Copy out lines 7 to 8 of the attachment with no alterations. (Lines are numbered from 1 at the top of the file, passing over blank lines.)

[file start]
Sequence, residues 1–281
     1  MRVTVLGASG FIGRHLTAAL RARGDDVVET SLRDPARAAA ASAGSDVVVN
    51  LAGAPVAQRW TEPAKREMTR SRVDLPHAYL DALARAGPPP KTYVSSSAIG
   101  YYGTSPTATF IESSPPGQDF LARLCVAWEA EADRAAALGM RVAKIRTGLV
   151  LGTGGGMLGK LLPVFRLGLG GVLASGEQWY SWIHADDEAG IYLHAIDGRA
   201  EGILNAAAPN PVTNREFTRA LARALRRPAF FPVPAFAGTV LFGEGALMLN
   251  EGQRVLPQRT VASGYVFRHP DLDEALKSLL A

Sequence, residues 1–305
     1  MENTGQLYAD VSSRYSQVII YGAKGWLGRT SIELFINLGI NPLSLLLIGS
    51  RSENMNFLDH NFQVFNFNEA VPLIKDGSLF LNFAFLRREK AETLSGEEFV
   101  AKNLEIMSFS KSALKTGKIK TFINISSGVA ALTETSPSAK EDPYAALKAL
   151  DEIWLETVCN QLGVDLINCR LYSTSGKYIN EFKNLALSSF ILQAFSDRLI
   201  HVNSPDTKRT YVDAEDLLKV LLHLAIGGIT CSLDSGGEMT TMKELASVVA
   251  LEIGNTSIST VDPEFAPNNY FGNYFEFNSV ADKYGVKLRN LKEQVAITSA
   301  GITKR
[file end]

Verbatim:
   251  EGQRVLPQRT VASGYVFRHP DLDEALKSLL A

Sequence, residues 1–305